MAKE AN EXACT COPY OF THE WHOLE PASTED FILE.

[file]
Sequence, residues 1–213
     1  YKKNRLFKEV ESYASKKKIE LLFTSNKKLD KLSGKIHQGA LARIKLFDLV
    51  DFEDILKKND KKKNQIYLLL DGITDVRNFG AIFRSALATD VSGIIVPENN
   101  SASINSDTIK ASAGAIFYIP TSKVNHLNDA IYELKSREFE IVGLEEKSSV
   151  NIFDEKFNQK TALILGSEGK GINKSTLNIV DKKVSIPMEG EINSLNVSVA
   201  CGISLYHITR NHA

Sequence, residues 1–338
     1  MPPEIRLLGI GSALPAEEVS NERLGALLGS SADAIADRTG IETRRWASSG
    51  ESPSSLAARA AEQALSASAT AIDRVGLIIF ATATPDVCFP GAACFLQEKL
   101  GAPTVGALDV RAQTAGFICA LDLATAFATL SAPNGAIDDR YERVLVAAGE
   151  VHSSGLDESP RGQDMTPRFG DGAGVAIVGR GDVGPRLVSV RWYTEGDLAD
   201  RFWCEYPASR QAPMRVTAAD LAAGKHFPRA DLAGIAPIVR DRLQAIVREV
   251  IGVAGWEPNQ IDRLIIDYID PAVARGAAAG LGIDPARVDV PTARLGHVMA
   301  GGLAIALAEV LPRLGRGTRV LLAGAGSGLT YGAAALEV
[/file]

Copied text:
Sequence, residues 1–213
     1  YKKNRLFKEV ESYASKKKIE LLFTSNKKLD KLSGKIHQGA LARIKLFDLV
    51  DFEDILKKND KKKNQIYLLL DGITDVRNFG AIFRSALATD VSGIIVPENN
   101  SASINSDTIK ASAGAIFYIP TSKVNHLNDA IYELKSREFE IVGLEEKSSV
   151  NIFDEKFNQK TALILGSEGK GINKSTLNIV DKKVSIPMEG EINSLNVSVA
   201  CGISLYHITR NHA

Sequence, residues 1–338
     1  MPPEIRLLGI GSALPAEEVS NERLGALLGS SADAIADRTG IETRRWASSG
    51  ESPSSLAARA AEQALSASAT AIDRVGLIIF ATATPDVCFP GAACFLQEKL
   101  GAPTVGALDV RAQTAGFICA LDLATAFATL SAPNGAIDDR YERVLVAAGE
   151  VHSSGLDESP RGQDMTPRFG DGAGVAIVGR GDVGPRLVSV RWYTEGDLAD
   201  RFWCEYPASR QAPMRVTAAD LAAGKHFPRA DLAGIAPIVR DRLQAIVREV
   251  IGVAGWEPNQ IDRLIIDYID PAVARGAAAG LGIDPARVDV PTARLGHVMA
   301  GGLAIALAEV LPRLGRGTRV LLAGAGSGLT YGAAALEV